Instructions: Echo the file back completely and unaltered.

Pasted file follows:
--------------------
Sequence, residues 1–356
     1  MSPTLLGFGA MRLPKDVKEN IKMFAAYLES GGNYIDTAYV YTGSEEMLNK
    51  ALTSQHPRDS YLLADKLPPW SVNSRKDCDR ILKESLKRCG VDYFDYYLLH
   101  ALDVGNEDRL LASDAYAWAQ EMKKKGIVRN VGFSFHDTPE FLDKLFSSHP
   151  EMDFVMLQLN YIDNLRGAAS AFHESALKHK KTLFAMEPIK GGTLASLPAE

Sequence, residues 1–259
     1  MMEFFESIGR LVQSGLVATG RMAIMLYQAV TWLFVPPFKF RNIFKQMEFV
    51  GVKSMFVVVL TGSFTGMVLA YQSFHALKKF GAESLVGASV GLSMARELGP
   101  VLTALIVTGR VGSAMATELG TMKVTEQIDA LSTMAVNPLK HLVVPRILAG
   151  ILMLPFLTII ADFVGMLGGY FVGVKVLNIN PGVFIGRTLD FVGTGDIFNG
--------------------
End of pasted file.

Sequence, residues 1–356
     1  MSPTLLGFGA MRLPKDVKEN IKMFAAYLES GGNYIDTAYV YTGSEEMLNK
    51  ALTSQHPRDS YLLADKLPPW SVNSRKDCDR ILKESLKRCG VDYFDYYLLH
   101  ALDVGNEDRL LASDAYAWAQ EMKKKGIVRN VGFSFHDTPE FLDKLFSSHP
   151  EMDFVMLQLN YIDNLRGAAS AFHESALKHK KTLFAMEPIK GGTLASLPAE

Sequence, residues 1–259
     1  MMEFFESIGR LVQSGLVATG RMAIMLYQAV TWLFVPPFKF RNIFKQMEFV
    51  GVKSMFVVVL TGSFTGMVLA YQSFHALKKF GAESLVGASV GLSMARELGP
   101  VLTALIVTGR VGSAMATELG TMKVTEQIDA LSTMAVNPLK HLVVPRILAG
   151  ILMLPFLTII ADFVGMLGGY FVGVKVLNIN PGVFIGRTLD FVGTGDIFNG